Population dynamics of wild rodents induce stochastic fadeouts of a zoonotic pathogen.


Stochastic processes play an important role in the infectious disease dynamics of wildlife, especially in species subject to large population oscillations. Here, we study the case of a free ranging population of yellow-necked mice (Apodemus flavicollis) in northern Italy, where circulation of Dobrava-Belgrade hantavirus (DOBV) has been detected intermittently since 2001, until an outbreak emerged in 2010. We analysed the transmission dynamics of the recent outbreak using a computational model that accounts for seasonal changes of the host population and territorial behaviour. Model parameters were informed by capture-mark-recapture data collected over 14 years and longitudinal seroprevalence data from 2010 to 2013. The intermittent observation of DOBV before 2010 can be interpreted as repeated stochastic fadeouts after multiple introductions of infectious rodents migrating from neighbouring areas. We estimated that only 20% of introductions in a naïve host population results in sustained transmission after 2 years, despite an effective reproduction number well above the epidemic threshold (mean 4·5, 95% credible intervals, CI: 0·65-15·8). Following the 2010 outbreak, DOBV has become endemic in the study area, but we predict a constant probability of about 4·7% per year that infection dies out, following large population drops in winter. In the absence of stochastic fadeout, viral prevalence is predicted to continue its growth to an oscillating equilibrium around a value of 24% (95% CI: 3-57). We presented an example of invasion dynamics of a zoonotic virus where stochastic fadeout have played a major role and may induce future extinction of the endemic infection.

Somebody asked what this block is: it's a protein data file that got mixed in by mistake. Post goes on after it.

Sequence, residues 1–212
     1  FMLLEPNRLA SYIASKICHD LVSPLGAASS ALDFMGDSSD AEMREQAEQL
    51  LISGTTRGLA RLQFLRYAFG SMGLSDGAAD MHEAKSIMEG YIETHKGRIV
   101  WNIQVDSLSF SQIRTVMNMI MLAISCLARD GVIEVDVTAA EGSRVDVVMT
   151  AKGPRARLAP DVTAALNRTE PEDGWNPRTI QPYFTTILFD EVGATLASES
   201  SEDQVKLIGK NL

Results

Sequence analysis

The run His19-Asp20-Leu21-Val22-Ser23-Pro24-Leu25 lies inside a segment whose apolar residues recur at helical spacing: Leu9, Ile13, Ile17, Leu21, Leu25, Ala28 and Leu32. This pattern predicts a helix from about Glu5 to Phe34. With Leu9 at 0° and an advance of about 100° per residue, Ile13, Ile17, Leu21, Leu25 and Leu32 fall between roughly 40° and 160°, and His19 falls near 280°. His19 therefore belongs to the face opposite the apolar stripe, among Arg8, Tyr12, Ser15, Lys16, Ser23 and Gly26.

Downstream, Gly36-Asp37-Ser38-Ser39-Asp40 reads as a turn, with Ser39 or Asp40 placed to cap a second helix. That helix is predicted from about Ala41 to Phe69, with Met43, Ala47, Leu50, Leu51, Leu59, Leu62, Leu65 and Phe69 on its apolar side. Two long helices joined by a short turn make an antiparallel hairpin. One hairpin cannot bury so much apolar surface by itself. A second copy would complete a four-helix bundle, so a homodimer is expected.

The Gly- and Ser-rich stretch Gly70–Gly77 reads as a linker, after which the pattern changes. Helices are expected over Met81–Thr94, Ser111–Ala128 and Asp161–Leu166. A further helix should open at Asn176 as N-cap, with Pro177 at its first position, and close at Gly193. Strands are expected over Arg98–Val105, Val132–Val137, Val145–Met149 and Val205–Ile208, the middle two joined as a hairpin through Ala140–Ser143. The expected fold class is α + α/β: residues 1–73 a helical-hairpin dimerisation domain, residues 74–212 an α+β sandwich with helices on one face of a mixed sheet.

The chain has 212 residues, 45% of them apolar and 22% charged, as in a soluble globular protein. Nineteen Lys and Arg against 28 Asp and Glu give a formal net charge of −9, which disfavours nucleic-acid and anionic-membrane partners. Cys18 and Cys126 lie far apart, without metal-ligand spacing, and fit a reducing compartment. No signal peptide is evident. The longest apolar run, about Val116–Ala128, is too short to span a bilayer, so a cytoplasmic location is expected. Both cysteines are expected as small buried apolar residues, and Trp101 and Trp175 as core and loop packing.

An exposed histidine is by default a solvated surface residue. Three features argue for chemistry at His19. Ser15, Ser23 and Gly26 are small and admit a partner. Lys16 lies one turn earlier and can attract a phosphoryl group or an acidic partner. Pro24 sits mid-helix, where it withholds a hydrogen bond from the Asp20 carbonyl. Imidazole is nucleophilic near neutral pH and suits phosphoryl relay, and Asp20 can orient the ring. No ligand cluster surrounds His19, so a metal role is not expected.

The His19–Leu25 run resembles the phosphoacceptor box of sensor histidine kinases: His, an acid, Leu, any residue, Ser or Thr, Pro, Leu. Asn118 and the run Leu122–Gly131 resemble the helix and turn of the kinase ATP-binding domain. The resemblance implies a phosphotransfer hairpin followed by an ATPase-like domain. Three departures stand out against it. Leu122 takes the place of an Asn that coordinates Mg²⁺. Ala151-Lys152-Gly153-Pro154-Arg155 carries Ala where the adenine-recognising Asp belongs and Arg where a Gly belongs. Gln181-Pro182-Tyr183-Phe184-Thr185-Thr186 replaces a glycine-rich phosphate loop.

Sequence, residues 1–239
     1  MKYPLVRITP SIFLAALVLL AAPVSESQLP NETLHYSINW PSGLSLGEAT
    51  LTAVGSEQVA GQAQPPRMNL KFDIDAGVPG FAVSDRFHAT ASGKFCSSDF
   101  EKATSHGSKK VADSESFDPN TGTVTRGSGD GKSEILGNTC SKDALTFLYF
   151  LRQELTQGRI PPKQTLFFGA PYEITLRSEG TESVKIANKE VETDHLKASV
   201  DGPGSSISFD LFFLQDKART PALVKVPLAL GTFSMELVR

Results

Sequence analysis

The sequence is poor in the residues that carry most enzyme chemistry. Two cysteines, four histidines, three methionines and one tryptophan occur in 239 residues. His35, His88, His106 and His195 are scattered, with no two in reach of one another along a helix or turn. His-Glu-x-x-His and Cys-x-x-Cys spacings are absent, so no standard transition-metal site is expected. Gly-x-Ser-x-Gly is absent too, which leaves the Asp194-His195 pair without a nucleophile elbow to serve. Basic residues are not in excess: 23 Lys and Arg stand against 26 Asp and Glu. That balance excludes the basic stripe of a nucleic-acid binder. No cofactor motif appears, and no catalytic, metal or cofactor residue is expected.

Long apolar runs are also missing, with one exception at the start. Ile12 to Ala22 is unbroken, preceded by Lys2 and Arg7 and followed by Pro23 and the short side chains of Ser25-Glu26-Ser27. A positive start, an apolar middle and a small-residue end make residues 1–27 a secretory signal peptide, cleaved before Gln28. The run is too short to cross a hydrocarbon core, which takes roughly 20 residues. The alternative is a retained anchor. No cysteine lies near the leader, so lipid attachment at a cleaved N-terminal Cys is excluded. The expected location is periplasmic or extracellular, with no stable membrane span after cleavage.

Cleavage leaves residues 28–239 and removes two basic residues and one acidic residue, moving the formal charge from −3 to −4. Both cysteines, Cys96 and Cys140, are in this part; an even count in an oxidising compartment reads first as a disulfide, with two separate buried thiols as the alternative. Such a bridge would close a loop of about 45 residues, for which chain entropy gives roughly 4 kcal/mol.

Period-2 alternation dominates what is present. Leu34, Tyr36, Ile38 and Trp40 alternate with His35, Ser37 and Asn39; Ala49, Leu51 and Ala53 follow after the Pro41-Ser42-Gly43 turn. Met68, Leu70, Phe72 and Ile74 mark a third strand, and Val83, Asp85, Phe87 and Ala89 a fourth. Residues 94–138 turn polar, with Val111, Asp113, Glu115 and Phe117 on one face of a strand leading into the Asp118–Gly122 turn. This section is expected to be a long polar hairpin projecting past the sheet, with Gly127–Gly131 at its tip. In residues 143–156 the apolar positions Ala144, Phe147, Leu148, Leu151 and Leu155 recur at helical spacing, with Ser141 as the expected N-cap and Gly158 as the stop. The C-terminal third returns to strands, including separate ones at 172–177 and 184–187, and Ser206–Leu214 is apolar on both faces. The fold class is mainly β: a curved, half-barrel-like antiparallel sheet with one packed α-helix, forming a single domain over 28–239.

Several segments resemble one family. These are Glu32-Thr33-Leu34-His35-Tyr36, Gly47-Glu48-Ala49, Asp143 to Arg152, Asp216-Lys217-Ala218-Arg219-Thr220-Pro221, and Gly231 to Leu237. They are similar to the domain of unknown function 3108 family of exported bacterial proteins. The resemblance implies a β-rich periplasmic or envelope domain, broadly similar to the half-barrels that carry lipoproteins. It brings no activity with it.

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Guzzetta G, Tagliapietra V, Perkins SE, Hauffe HC, Poletti P, Merler S, Rizzoli A. (2017). Population dynamics of wild rodents induce stochastic fadeouts of a zoonotic pathogen. The Journal of animal ecology, 86(3)

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